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13 bodies found in scorched remains of Kenyan shop

  • Story Highlights
  • Rescuers find 13 bodies in scorched rubble of Kenyan supermarket
  • Massive fire engulfed the building in downtown Nairobi on Wednesday
  • Incident angers Kenyans for what they perceive is a lack of disaster preparedness
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By David McKenzie
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NAIROBI, Kenya (CNN) -- Officials found 13 bodies in the rubble of a scorched supermarket in downtown Nairobi Friday and are investigating a tip that security guards locked people in the burning building, a police spokesman said.

Members of the public helped to fight the fire which left at least 47 people missing.

Members of the public helped to fight the fire which left at least 47 people missing.

The blaze started on Wednesday afternoon in the Nakumatt supermarket.

The Standard Newspaper reported harrowing tales of families trying to find their missing loved ones, at times making the job of firefighters more difficult.

So many people crowded the scene that police on foot and on horseback periodically chased them away. Riot police with tear gas and batons stood nervously around the edge of the scene -- where a barricade has been erected.

Joseph Mwangi waited among the crowd, hoping for news of his cousin Daniel. On Wednesday, Mwangi sent 16-year-old Daniel Njoge with 6,000 shillings (about $75) to the market.

"He was coming to shop for school," said Mwangi, a waiter at a nearby restaurant. "I sent him to the store to get stationery supplies."

"On Wednesday night, I got so worried. Now I think he is just in there," Mwangi said, pointing at the burned-out store.

"The response was not good," he said. "A person who fights a fire must go into the building, but they just stayed outside."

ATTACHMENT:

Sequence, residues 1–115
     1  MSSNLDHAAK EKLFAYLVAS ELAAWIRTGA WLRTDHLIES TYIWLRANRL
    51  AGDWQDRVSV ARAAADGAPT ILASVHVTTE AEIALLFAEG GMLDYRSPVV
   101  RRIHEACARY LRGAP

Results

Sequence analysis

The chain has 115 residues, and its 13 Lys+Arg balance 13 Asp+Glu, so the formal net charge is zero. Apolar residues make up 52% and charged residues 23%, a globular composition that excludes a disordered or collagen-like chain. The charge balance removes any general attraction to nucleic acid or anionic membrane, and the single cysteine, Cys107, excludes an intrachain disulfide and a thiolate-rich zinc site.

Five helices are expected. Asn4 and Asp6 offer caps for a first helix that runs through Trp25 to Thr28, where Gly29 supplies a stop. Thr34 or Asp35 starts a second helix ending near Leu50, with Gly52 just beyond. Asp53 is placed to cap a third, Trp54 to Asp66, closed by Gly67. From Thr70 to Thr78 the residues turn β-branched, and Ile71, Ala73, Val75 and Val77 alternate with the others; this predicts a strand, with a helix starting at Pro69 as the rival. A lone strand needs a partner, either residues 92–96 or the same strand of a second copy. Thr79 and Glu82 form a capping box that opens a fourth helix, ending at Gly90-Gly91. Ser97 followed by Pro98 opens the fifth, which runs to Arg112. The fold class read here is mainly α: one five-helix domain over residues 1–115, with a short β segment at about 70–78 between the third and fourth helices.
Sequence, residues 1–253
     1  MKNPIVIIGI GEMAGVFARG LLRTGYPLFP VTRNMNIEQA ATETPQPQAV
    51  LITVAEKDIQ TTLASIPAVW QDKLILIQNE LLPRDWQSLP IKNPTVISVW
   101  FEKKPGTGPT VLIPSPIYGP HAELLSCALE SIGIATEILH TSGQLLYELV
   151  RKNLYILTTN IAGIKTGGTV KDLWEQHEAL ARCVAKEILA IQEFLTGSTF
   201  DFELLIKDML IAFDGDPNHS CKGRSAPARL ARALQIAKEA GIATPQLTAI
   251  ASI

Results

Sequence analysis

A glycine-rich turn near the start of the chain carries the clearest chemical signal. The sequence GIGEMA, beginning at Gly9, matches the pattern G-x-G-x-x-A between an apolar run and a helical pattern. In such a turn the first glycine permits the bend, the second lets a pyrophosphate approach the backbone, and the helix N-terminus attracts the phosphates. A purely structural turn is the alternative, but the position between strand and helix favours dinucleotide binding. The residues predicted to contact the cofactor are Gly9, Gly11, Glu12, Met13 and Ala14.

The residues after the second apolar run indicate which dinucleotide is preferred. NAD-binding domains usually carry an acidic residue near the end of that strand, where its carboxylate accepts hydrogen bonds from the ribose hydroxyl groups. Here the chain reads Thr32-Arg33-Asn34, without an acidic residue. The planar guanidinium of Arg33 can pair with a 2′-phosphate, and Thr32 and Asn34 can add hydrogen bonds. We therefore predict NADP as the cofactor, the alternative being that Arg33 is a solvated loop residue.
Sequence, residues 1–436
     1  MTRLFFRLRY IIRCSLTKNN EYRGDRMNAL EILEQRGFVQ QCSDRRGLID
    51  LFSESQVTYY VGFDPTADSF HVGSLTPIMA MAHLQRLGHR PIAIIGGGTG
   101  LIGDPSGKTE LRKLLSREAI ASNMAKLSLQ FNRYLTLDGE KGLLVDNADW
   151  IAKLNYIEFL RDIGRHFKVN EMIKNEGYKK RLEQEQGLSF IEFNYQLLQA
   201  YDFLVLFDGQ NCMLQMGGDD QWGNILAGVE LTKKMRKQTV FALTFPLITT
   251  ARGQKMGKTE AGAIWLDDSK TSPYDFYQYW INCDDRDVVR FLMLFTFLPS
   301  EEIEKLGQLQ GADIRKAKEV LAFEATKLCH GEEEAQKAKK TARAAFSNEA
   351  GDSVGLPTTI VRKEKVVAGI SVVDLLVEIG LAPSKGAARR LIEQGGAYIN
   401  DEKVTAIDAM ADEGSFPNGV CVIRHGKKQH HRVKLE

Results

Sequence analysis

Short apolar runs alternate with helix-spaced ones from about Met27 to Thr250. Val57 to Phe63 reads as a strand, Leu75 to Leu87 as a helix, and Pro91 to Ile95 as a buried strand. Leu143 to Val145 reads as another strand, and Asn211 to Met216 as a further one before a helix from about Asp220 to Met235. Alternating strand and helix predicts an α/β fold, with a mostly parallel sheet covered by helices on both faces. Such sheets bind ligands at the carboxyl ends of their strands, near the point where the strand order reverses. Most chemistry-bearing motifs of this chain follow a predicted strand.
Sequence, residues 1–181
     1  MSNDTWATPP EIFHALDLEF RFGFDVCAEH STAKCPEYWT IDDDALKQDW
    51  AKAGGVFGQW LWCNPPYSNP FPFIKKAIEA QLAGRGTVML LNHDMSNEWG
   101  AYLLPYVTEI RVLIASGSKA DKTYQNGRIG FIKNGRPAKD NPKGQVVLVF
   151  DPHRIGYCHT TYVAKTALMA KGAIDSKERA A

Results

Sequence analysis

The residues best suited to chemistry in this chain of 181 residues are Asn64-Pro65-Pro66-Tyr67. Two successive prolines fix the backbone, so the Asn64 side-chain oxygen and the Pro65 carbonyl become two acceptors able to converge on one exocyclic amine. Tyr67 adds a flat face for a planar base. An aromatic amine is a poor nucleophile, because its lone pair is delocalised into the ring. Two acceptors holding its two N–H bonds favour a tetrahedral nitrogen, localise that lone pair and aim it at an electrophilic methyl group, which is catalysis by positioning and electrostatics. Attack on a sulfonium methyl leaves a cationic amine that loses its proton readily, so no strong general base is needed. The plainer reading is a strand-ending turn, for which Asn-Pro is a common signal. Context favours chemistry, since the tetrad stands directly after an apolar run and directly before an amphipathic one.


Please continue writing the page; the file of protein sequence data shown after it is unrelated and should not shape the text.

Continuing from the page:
Mwangi registered with the Kenya Red Cross on the scene, as scores of others did, and now he waits.

Justin Mule, who works at the Stanley Bookstore across the road from the supermarket, described the start of the fire to CNN: "I saw smoke coming up from the building on Wednesday afternoon. In a few minutes, there were explosions. I saw some guys jumping from the burning roof. Soon after the fire, I saw the store security guards closing the doors because they feared looting. The doors were locked. That was a mistake. They shouldn't have locked the doors."

Other witness corroborated his account. Police launched a criminal investigation to look into that allegation, said Eric Kiraithe, a police spokesman

Employees of the supermarket refused to comment on the allegations.

The fire has angered Kenyans for what they perceive is a lack of disaster preparedness. Local newspaper editorials slammed the government's response to the tragedy.

"Disaster preparedness is still a challenge, and the operation was hampered by the Nairobi city layout," said Kenya Red Cross spokesman Titus Mung'ou said. Emergency numbers failed to work and water ran out during attempts to put out the fire, he said.

According to local news reports, the fire ignited Wednesday afternoon during a busy hour in the 24-hour supermarket. Hundreds of people crowded around the scene and tourists peered through their hotel windows as firefighters, security guards and civilians struggled to get the fire under control.

Periodic explosions rocked the city and debris fell around the building. The crowd cheered each incoming fire truck, and water had to be brought to the scene from a nearby soccer stadium.

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